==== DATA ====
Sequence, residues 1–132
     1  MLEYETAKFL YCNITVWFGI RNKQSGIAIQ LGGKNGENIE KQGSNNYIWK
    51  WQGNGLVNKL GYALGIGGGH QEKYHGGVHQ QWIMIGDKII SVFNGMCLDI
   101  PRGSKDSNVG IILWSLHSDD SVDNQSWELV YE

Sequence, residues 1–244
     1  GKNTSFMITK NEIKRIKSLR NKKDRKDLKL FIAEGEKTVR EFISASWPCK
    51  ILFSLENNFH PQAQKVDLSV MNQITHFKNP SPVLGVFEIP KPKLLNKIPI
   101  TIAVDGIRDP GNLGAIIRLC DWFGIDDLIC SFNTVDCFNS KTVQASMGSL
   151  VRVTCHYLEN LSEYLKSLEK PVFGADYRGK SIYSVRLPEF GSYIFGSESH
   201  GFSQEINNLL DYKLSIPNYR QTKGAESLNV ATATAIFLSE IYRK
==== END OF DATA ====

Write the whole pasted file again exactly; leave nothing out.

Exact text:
Sequence, residues 1–132
     1  MLEYETAKFL YCNITVWFGI RNKQSGIAIQ LGGKNGENIE KQGSNNYIWK
    51  WQGNGLVNKL GYALGIGGGH QEKYHGGVHQ QWIMIGDKII SVFNGMCLDI
   101  PRGSKDSNVG IILWSLHSDD SVDNQSWELV YE

Sequence, residues 1–244
     1  GKNTSFMITK NEIKRIKSLR NKKDRKDLKL FIAEGEKTVR EFISASWPCK
    51  ILFSLENNFH PQAQKVDLSV MNQITHFKNP SPVLGVFEIP KPKLLNKIPI
   101  TIAVDGIRDP GNLGAIIRLC DWFGIDDLIC SFNTVDCFNS KTVQASMGSL
   151  VRVTCHYLEN LSEYLKSLEK PVFGADYRGK SIYSVRLPEF GSYIFGSESH
   201  GFSQEINNLL DYKLSIPNYR QTKGAESLNV ATATAIFLSE IYRK